Stars forming in the cold dark matter are massive. The larger a star is, the shorter its life span, so these larger mass stars would not have survived until today. However the warm dark matter model predicts the formation of low mass stars as well as larger ones and the scientists say the low mass stars would survive until today.
The research paves the way for observational studies which could bring scientists closer to finding out more about the nature of dark matter. Co-researcher, Dr Tom Theuns, said: “A key question that astronomers often ask is ‘where are the descendants of the first stars today"’ The answer is that, if the dark matter is warm, some of these primordial stars should be lurking around our galaxy.”
The Durham University scientists also give new insights into the way that black holes could be formed. Most galaxies harbour in their centres monster black holes, some with masses more than a billion times the mass of the sun.
The team hypothesises that collisions between stars in the dense filament in the warm dark matter scenario lead to the formation of the seeds for such black holes.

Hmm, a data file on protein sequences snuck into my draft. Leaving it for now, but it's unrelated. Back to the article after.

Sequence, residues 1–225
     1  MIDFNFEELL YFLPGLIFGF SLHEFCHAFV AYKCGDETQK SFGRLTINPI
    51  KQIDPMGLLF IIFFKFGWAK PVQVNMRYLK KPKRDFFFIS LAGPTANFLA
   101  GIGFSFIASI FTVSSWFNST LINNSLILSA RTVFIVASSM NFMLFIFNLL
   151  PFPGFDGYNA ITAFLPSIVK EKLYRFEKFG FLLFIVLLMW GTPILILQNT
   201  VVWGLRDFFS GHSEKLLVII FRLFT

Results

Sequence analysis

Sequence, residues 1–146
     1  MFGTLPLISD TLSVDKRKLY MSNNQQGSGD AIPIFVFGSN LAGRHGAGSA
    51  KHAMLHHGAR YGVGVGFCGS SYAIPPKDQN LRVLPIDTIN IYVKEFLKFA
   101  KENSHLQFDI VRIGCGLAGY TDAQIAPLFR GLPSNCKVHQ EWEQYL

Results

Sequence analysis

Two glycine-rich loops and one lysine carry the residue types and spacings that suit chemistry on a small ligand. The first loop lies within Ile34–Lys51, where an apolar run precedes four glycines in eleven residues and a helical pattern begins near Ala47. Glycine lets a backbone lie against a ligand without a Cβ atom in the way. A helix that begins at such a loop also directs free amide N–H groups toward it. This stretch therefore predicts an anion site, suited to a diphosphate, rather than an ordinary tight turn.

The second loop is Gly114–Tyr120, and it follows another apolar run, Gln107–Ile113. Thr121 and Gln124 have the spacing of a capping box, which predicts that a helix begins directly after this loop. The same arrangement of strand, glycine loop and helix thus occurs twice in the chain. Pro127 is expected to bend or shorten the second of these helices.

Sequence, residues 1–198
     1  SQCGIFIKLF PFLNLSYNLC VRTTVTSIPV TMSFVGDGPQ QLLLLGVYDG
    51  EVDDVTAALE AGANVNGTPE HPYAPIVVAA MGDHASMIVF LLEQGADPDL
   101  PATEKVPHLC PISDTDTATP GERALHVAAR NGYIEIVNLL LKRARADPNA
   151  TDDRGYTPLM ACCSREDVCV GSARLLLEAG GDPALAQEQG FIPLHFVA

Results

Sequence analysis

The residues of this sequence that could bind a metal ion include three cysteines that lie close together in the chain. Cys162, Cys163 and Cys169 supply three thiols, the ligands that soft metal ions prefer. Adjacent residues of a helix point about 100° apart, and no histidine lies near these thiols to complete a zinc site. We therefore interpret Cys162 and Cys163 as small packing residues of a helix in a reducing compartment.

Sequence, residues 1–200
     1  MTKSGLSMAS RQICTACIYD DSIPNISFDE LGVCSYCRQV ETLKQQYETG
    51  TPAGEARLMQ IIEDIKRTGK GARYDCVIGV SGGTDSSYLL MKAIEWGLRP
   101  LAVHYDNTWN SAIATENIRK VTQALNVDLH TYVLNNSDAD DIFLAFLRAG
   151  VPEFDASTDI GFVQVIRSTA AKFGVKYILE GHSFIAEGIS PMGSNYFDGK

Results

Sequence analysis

Dr Theuns added: “Our results raise the exciting prospect of learning about the nature of dark matter from studying the oldest stars. Another tell-tale sign could be the gigantic black holes that live in centres of galaxies like the Milky Way. They could have formed during the collapse of the first filaments in a universe dominated by warm dark matter.”
The importance of biodiversity in forests could increase due to climate change
17.11.2017 | Deutsches Zentrum für integrative Biodiversitätsforschung (iDiv) Halle-Jena-Leipzig
Win-win strategies for climate and food security
02.10.2017 | International Institute for Applied Systems Analysis (IIASA)
The formation of stars in distant galaxies is still largely unexplored. For the first time, astron-omers at the University of Geneva have now been able to closely observe a star system six billion light-years away. In doing so, they are confirming earlier simulations made by the University of Zurich. One special effect is made possible by the multiple reflections of images that run through the cosmos like a snake.